Gorky's Zygotic Mynci Turning Over A New Leaf

Gorky's Zygotic Mynci Turning Over A New Leaf
In a recent British interview, Welsh band Gorky's Zygotic Mynci laid it all on the line: They were sick of the Welsh thing, sick of the gnomes thing, and sick of the psychedelic thing. While it's not surprising they'd want to head off the more clich├ęd journalistic approaches - like L7 talking about gender or Blur about Oasis - many Canadians have only their reputation to go on. The band's first five albums have only been available as expensive imports, first on Welsh indie label Ankst, then on Mercury, who declined to release them here and then promptly dropped the band in the aftermath of their merger with Universal.

Presented with the content of their first domestically available album, Spanish Dance Troupe on Mantra/Beggars Banquet, music fans who've followed the band's reputation might wonder what's up - the album contains no songs in Welsh, is more musically awash in English folk mellow than mushroom madness, and there's nary a lyrical gnome underfoot.

On the line from Spain, where they've just finished an opening set for Stereolab, violinist Megan Childs says the first thing on people's minds now is telling them that the trumpet on "Spanish Dance Troupe" is, in fact, Mexican. "Oh dear," she says rather sheepishly. "We didn't know that."

Childs claims innocence on a number of other fronts as well. Despite the lack of Welsh lyrics on the new album, the band still speaks their native tongue to each other, and performs older Welsh hits in their live set. The simple process of choosing material - and having it all be English - was coincidental. Ironically, with the success of countrymen Catatonia, French pop bands like Air, and dance music, "a language in itself" according to Childs, the band has lost the Welsh just as the music market opens up to foreign words and sounds. "I don't think people expect traditional rock'n'roll with an American accent," Childs correctly assesses. Yet they might expect some Welsh from a band that's been tagged as nationalists.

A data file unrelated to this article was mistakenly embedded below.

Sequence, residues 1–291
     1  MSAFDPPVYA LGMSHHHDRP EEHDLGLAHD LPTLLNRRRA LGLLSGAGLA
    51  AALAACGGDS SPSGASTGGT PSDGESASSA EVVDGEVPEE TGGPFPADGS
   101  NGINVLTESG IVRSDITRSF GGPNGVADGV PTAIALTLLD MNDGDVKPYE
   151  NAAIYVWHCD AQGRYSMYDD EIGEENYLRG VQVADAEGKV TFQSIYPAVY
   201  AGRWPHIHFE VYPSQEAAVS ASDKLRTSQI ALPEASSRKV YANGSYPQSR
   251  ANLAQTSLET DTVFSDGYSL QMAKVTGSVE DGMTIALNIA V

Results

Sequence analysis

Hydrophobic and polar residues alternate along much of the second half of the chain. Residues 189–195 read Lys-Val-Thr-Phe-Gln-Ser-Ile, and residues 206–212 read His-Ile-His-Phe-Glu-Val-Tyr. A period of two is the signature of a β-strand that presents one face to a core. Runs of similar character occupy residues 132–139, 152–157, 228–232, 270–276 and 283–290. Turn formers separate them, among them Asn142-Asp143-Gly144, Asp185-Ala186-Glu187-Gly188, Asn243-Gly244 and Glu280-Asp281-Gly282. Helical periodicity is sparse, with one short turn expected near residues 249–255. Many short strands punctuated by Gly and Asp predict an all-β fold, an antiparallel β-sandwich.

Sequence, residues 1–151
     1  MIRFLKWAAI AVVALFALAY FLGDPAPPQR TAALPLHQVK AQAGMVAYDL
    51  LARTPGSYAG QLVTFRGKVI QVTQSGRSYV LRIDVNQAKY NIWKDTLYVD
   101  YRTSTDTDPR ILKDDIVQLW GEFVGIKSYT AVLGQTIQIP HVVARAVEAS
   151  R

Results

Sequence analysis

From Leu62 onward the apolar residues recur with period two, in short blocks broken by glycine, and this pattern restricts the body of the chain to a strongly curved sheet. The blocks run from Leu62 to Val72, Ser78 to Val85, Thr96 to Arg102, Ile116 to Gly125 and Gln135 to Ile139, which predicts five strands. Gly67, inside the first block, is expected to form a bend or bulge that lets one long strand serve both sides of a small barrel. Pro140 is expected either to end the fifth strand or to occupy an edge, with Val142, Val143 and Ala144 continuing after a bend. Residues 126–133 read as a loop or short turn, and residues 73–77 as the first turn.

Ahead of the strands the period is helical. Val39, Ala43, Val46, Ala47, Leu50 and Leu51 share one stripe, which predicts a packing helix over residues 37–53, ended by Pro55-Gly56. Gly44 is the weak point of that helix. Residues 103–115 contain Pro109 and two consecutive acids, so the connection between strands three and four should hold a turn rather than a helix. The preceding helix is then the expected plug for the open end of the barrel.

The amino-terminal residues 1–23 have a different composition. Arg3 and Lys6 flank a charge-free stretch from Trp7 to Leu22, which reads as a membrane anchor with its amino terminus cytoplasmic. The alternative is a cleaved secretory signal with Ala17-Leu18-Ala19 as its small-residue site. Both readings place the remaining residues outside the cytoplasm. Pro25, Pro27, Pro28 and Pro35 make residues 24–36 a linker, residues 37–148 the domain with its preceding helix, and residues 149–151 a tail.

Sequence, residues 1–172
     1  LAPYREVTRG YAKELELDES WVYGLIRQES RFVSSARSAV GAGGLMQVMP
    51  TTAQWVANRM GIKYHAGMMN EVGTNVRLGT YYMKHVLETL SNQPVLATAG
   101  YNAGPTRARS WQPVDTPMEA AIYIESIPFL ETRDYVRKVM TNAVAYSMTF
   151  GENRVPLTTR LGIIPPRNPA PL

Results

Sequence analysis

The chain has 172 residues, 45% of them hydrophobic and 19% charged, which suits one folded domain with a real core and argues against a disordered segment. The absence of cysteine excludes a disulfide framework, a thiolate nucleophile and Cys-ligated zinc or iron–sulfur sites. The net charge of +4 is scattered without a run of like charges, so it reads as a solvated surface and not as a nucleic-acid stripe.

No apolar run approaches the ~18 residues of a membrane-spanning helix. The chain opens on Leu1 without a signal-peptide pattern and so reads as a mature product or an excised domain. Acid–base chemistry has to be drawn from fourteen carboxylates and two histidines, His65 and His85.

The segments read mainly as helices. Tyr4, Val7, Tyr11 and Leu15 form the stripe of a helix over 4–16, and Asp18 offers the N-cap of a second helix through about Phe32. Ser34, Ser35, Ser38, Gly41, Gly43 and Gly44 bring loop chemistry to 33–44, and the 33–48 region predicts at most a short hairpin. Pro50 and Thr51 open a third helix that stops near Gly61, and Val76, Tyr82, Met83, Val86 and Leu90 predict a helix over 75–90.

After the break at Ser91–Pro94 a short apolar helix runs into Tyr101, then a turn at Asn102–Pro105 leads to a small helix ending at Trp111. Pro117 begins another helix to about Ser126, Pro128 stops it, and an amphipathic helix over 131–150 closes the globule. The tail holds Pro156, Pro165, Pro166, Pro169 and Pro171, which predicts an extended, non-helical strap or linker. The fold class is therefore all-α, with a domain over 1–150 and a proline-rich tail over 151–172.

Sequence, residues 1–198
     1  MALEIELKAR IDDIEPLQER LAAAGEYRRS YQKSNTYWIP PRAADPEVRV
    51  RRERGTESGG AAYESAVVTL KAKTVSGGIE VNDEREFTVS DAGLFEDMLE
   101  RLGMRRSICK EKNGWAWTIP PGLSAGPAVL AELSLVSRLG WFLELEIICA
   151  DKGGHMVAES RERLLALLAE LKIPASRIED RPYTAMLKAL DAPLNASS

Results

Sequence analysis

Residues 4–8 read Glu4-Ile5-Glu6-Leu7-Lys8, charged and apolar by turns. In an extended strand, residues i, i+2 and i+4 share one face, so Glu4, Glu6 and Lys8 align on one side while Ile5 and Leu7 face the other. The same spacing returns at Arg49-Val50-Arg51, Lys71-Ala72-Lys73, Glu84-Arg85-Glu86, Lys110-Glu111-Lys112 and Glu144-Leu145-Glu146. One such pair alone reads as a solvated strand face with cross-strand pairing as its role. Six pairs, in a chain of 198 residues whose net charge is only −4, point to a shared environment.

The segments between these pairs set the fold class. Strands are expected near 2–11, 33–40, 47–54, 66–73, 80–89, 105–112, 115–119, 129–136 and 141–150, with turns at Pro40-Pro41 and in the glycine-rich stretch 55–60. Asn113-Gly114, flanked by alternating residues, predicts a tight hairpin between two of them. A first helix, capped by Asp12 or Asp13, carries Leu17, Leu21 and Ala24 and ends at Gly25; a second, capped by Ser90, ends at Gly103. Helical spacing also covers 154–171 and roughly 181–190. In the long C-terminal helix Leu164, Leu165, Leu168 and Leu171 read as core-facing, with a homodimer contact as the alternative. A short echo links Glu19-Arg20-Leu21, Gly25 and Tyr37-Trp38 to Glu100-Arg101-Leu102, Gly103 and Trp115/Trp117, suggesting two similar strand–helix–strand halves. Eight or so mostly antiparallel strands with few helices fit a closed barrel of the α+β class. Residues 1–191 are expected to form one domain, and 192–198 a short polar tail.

They also might expect more, for want of a better word, weirdness from a band that, on the artwork of their 1995 albumBywd Time , look like role players on their way to a medieval fair, and have stocked their lyrics with similarly fantastical imagery. No more, says Megan. "We always have these really silly ideas. We do it for a laugh, to make things a bit more interesting, but you tend to be taken very seriously. We did this photo shoot, and suddenly we're all wizards, and deadly serious about our Celtic history. People didn't get the irony, and that's a danger. It can come across as a bit pompous.

"When we first started, the press was 'Well, if we're from Wales and our music is a bit strange, we must all be living in the middle of nowhere.' People would ask us how we would hear music. They decided our parents were all hippies and we'd grown up on communes taking magic mushrooms."

One thing that remains onSpanish Dance Troupe , in addition to a keen ear for beautifully melodic turn of phrase, is an abiding interest in animal subject matter, which starts with the band's name. Gorky's Zygotic Mynci in Welsh means dimwit reproductive monkey - sort of. In the early '90s, founding members Euros Childs (Megan's younger brother) and John Lawrence were invited to a Welsh radio session before they'd thought of a band name, so the high school students grabbed a few random words from a dictionary and the biology (or chemistry) lesson they were working on. Except they got it wrong: monkey in Welsh is actually spelled mwnci.

"We're prone to making stupid animal noises when we've got a bit of cabin fever," explains Childs. A few of these noises appear onTroupe , in addition to songs like "Hair Like Monkey Teeth Like Dog," and a tribute to longtime producer/friend Gorwel Owen's pup in "Poodle Rockin'." "I don't know why animals feature quite heavily in our humour," Childs says, "but that's the most important thing - to not take yourself so seriously."